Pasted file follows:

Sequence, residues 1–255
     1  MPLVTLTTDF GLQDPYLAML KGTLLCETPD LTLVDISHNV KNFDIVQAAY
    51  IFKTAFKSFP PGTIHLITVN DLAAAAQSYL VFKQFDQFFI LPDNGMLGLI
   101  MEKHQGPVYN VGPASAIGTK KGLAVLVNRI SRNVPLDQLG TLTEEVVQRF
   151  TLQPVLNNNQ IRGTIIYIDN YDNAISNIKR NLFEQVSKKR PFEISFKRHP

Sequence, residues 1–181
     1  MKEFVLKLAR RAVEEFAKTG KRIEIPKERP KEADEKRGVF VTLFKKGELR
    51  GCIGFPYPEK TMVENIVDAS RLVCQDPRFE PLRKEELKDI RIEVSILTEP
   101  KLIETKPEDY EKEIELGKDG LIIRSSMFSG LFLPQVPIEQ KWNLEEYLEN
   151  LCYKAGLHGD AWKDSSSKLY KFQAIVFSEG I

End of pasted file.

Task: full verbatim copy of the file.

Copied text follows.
Sequence, residues 1–255
     1  MPLVTLTTDF GLQDPYLAML KGTLLCETPD LTLVDISHNV KNFDIVQAAY
    51  IFKTAFKSFP PGTIHLITVN DLAAAAQSYL VFKQFDQFFI LPDNGMLGLI
   101  MEKHQGPVYN VGPASAIGTK KGLAVLVNRI SRNVPLDQLG TLTEEVVQRF
   151  TLQPVLNNNQ IRGTIIYIDN YDNAISNIKR NLFEQVSKKR PFEISFKRHP

Sequence, residues 1–181
     1  MKEFVLKLAR RAVEEFAKTG KRIEIPKERP KEADEKRGVF VTLFKKGELR
    51  GCIGFPYPEK TMVENIVDAS RLVCQDPRFE PLRKEELKDI RIEVSILTEP
   101  KLIETKPEDY EKEIELGKDG LIIRSSMFSG LFLPQVPIEQ KWNLEEYLEN
   151  LCYKAGLHGD AWKDSSSKLY KFQAIVFSEG I